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Publication Date



UM campus only

Degree Type


Degree Name

Doctor of Philosophy (PHD)


Kinesiology and Sport Sciences (Education)

Date of Defense


First Committee Member

Arlette Perry - Committee Chair

Second Committee Member

Mark S. Nash - Committee Member

Third Committee Member

Kevin Jacobs - Committee Member

Fourth Committee Member

Gianluca Del Rossi - Committee Member


Objective: Pedometer programs are effective in increasing physical activity in sedentary individuals, a population that is at an increased for developing metabolic syndrome and each of its individual components. The aim of this study was to observe the effects of incremental increases in pedometer assessed physical activity on MetS components in sedentary overweight women. Design: This study was a longitudinal, quasi-experimental design. Participants were recruited from a 12-week work-site pedometer program and grouped after the intervention based on their self-paced increases in pedometer assessed physical activity with (a) active participants that increased their daily activity by mean volume >3000 steps/day or (b) participants who remained sedentary. Subjects: A multi-ethnic heterogeneous sample of seventy-seven sedentary middle-aged women (BMI: 30.15 plus or minus 5.24 kg/m2, age: 46.00 plus or minus 9.93 years). Measurements: Self-reported physical activity, pedometer assessed physical activity (steps/day), body mass index, resting heart rate, waist circumference, blood pressure, triglycerides, HDL-C and fasting glucose at baseline and after the 12-week program. Results: The active group showed significant within-group improvements (P less than or equal to .01) in waist circumference and fasting glucose. Significant between group changes were observed in resting heart rate (P less than or equal to .01), weight (P less than or equal to .01), BMI (P less than or equal to .01), and systolic blood pressure (P less than or equal to .001); however, the changes observed in systolic blood pressure were not independent of weight loss. Conclusions: Our study showed that incremental increases in steps/day over 12 weeks is effective in inducing mild, but favorable changes in some MetS components. This data suggests that this approach to increasing step/day is a viable starting point for sedentary individuals that may find it difficult to initially accumulate 10,000 steps/day.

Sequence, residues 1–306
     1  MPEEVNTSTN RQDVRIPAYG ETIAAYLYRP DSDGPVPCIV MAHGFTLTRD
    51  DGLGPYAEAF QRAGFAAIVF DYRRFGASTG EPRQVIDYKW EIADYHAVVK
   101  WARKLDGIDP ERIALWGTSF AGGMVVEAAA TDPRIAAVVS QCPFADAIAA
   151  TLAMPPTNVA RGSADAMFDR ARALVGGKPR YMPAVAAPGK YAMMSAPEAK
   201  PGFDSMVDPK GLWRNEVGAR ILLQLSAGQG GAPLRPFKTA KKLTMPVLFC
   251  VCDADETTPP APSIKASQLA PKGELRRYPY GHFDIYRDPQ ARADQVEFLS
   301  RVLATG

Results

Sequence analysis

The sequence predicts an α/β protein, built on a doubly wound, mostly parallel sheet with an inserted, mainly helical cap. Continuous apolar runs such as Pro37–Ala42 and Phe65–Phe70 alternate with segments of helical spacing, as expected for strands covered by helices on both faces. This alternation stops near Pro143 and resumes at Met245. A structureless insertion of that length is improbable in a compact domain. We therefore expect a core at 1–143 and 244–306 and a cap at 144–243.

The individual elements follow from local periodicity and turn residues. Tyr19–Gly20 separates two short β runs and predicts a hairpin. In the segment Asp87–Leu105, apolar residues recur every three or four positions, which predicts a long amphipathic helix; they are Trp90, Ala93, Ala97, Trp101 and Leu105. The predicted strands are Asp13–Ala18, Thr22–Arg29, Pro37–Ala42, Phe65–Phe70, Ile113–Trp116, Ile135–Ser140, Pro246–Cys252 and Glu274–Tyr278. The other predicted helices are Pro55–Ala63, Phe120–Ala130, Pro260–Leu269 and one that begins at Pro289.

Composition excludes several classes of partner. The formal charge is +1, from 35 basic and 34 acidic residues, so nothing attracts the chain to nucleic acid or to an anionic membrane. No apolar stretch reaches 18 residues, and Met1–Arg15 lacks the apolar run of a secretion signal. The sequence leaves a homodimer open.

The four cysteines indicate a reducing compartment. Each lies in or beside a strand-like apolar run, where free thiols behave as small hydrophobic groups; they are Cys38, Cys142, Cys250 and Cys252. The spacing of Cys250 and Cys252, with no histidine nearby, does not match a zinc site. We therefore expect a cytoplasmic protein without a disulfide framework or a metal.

Blood Pressure; Waist Circumference; 10000 Steps; Walking; Fasting Glucose